"Therefore shall ye lay up these my words in your heart and in your soul, and bind them for a sign upon your hand, that they may be as frontlets between your eyes. And ye shall teach them your children, speaking of them when thou sittest in thine house, and when thou walkest by the way, when thou liest down, and when thou risest up. And thou shalt write them upon the door posts of thine house, and upon thy gates..."

Ten modes of "market failure":

Markets can go wrong--badly wrong. They can:

  1. not fail but be failed by governments that fail to properly structure and support them—or that break them via quotas, price floors/ceilings, etc.
  2. be out-of-equilibrium
  3. see actors have market power
  4. be afflicted—if that is the word—by non-rivalry (increasing returns to scale; natural monopolies)
  5. suffer externalities (in production and in consumption, positive and negative; closely related to non-excludibility)
  6. suffer from information lack or asymmetry
  7. suffer from maldistributions—for the market will only see you if you have a willingness to pay, which is predicated on an ability to pay…
  8. suffer from non-excludability (public goods, etc.)
  9. suffer from miscalculations and behavioral biases
  10. suffer from failures of aggregate demand

Econ 1: Spring 2016: U.C. Berkeley: Microeconomics: Broader Political Economy Issues



Econ 1: Spring 2016: UC Berkeley: Resources

Moving this too off of the main course syllabus page, which is getting too crufty...


Resources:


Econ 1: Spring 2016: UC Berkeley: Office Hours

Moving this off of the main syllabus page, which is getting too crufty...


J. Bradford DeLong's office hours: please email delong@econ.berkeley.edu to reserve yourself a slot; usually Tu 9-11 in Evans Hall 691 at Cesar Chavez, but also by appointment, and with extra hours arranged week-by-week.

GSI Office Hours:

  • Ranchithaa Anatory: W 9-11 in 211 Wellman.
  • Elsa Augustine: M 1-3 in Evans 640.
  • Waheed Baksh: MW 11-12pm in 211 Wellman.
  • Claire Boone: M 9-10, Th 9-10 in Golden Bear Cafe Evans 640.
  • Tiffany Chang: W 1-3 at Havilland Commons FSM Cafe.
  • T. Woody Kongsamut: M 2-4 in Evans 542.
  • Christian Lambert: Tu 1-3 in Evans 542.
  • Nikhil Rao: M 9-10, 12-1 PM in 211 Wellman.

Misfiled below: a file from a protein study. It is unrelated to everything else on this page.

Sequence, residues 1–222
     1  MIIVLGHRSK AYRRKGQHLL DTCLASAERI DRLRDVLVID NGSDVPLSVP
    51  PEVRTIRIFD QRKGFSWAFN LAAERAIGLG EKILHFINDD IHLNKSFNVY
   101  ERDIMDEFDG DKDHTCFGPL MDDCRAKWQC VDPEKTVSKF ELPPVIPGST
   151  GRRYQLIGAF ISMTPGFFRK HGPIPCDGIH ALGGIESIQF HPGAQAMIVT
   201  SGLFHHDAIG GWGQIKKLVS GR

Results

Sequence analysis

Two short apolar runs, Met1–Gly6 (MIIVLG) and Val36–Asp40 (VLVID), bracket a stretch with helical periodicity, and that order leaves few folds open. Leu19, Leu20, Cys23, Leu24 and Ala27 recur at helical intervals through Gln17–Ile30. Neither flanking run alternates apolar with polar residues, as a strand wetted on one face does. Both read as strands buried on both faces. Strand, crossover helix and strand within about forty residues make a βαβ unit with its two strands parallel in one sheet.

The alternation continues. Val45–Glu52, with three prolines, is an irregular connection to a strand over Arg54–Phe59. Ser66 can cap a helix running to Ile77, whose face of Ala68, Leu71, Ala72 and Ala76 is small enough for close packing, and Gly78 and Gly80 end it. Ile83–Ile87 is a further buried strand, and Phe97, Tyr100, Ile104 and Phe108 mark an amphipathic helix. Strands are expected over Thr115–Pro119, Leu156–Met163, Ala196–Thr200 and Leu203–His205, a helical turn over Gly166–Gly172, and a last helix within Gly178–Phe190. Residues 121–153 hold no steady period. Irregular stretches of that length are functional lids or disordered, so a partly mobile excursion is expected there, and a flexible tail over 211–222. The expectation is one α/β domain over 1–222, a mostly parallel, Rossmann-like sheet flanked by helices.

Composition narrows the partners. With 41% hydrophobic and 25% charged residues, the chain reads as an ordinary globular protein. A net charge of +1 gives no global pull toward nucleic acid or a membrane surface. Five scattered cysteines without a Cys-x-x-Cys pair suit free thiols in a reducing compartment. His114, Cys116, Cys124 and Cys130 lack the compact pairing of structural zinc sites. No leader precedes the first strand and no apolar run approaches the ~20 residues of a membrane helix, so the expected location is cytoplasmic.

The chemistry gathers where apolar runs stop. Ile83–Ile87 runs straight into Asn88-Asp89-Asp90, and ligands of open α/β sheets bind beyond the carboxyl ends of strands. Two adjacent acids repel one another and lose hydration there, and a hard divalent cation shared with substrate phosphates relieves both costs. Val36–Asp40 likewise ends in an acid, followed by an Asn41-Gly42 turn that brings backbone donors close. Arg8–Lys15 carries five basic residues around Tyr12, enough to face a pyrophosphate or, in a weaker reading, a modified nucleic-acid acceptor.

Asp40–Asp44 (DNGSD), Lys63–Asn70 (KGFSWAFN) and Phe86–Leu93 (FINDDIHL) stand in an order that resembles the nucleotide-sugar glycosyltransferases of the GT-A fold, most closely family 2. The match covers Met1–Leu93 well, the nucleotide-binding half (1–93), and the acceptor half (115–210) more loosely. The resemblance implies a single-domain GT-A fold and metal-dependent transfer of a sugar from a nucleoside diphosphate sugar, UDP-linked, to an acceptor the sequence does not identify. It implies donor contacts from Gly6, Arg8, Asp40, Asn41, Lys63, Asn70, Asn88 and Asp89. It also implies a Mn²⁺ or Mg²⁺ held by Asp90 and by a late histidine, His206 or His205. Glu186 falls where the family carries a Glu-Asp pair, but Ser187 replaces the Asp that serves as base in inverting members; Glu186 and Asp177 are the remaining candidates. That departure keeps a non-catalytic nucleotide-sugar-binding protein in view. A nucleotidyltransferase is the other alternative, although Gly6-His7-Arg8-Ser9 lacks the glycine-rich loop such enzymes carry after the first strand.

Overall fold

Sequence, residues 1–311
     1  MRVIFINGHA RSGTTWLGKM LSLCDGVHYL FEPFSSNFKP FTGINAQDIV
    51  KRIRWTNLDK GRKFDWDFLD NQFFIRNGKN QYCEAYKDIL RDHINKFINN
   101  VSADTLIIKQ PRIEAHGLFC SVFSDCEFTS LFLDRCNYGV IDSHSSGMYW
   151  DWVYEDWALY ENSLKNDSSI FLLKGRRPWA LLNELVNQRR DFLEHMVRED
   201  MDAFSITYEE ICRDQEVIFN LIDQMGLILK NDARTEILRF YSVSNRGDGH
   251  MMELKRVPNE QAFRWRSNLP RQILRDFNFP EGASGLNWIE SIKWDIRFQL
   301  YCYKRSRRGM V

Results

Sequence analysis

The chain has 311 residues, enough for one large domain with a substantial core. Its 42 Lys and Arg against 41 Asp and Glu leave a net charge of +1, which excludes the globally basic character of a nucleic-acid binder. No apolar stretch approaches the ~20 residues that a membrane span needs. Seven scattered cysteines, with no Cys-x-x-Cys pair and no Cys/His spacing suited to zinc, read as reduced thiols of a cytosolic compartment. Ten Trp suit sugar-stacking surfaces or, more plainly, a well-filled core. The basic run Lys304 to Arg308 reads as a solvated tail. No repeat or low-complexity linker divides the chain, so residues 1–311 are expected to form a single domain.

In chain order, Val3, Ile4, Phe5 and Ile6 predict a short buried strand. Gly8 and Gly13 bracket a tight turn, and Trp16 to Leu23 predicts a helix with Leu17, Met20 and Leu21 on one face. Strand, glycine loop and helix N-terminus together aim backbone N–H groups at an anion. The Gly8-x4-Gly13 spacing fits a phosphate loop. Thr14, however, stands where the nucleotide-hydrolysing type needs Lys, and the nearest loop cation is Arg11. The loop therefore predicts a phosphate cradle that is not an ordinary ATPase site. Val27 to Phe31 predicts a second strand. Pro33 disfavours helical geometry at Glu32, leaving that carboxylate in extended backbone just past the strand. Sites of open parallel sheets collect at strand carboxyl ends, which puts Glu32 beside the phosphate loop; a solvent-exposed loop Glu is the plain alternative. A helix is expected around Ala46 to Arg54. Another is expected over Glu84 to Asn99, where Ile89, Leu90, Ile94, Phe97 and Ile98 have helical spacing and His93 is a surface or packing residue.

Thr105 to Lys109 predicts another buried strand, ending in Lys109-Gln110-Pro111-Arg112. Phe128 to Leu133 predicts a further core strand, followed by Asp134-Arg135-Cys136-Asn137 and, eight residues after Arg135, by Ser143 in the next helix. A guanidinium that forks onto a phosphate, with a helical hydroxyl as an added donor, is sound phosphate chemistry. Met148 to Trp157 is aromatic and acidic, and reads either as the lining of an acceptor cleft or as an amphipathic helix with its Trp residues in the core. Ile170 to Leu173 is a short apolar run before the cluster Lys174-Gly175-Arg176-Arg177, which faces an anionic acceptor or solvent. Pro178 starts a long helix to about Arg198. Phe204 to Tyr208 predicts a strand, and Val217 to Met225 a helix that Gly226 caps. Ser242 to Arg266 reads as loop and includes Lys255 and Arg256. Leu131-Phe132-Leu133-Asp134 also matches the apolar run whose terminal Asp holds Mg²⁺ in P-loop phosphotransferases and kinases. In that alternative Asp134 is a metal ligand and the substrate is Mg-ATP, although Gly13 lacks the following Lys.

• Chimi Dolkar Sherpa: W 9-11 in 211 Wellman.
  • Andrew Spreen: M 4-5 Th 1-2 in 211 Wellman.

Also: Cal Econ Tutors | @CalEconTutoring | Student Learning Center:

  • Denny Lai (SLC) denny.lai@berkeley.edu:
  • Khuyen V. Nguyen (SLC) kvn@berkeley.edu:
  • Max Mueller (Econ) mwmueller@berkeley.edu: Tu 8-9:30, We 12-1, Th 8-9:30 and 11-12, F 8-10
  • Peter McCrory (Econ) peter.mccrory@gmail.com: M 12-1:30, Tu 11-12, W 3-4:30, Th 11-12 and 2-4.

Watching as the Federal Reserve Juggles Priceless Eggs in Variable Gravity...

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Is it necessary to say that we hold Ben Bernanke, Mervyn King, Mark Carney, Janet Yellen, Stan Fischer, Lael Brainard, and company to the highest of high standards--demand from them constant triple aerial somersaults on the trapeze--because we have the greatest respect for and confidence in them? It probably is...

Back in 1992 Larry Summers and I wrote that pushing the target inflation rate from 5% down to 2% was a very dubious and hazardous enterprise because the zero-lower bound was potentially a big deal: "The relaxation of monetary policy seen over the past three years in the United States would have been arithmetically impossible had inflation and nominal interest rates both been three percentage points lower in 1989. Thus a more vigorous policy of reducing inflation to zero in the mid-1980s might have led to a recent recession much more severe than we have in fact seen..."

This does seem, in retrospect, to have been quite possibly the smartest and most foresightful thing I have ever written.

Continue reading "Watching as the Federal Reserve Juggles Priceless Eggs in Variable Gravity..." »


Must-Read: Back in 1992 Larry Summers and I wrote that pushing the target inflation rate from 5% down to 2% was a very dubious and hazardous enterprise because the zero-lower bound was potentially a big deal: "The relaxation of monetary policy seen over the past three years in the United States would have been arithmetically impossible had inflation and nominal interest rates both been three percentage points lower in 1989. Thus a more vigorous policy of reducing inflation to zero in the mid-1980s might have led to a recent recession much more severe than we have in fact seen..."